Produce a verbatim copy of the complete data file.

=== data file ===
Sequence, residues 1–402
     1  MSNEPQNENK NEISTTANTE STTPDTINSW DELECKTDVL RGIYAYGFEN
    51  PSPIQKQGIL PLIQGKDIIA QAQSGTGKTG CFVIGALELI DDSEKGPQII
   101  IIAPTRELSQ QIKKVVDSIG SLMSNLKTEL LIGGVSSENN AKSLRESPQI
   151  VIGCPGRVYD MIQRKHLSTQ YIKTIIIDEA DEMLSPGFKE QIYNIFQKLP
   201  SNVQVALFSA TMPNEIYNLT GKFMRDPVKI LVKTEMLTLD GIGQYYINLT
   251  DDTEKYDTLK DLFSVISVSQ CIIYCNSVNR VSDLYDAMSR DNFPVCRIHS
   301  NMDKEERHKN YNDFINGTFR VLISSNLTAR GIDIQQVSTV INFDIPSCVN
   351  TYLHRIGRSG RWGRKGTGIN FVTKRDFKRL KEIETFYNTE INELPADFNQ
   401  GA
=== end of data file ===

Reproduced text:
Sequence, residues 1–402
     1  MSNEPQNENK NEISTTANTE STTPDTINSW DELECKTDVL RGIYAYGFEN
    51  PSPIQKQGIL PLIQGKDIIA QAQSGTGKTG CFVIGALELI DDSEKGPQII
   101  IIAPTRELSQ QIKKVVDSIG SLMSNLKTEL LIGGVSSENN AKSLRESPQI
   151  VIGCPGRVYD MIQRKHLSTQ YIKTIIIDEA DEMLSPGFKE QIYNIFQKLP
   201  SNVQVALFSA TMPNEIYNLT GKFMRDPVKI LVKTEMLTLD GIGQYYINLT
   251  DDTEKYDTLK DLFSVISVSQ CIIYCNSVNR VSDLYDAMSR DNFPVCRIHS
   301  NMDKEERHKN YNDFINGTFR VLISSNLTAR GIDIQQVSTV INFDIPSCVN
   351  TYLHRIGRSG RWGRKGTGIN FVTKRDFKRL KEIETFYNTE INELPADFNQ
   401  GA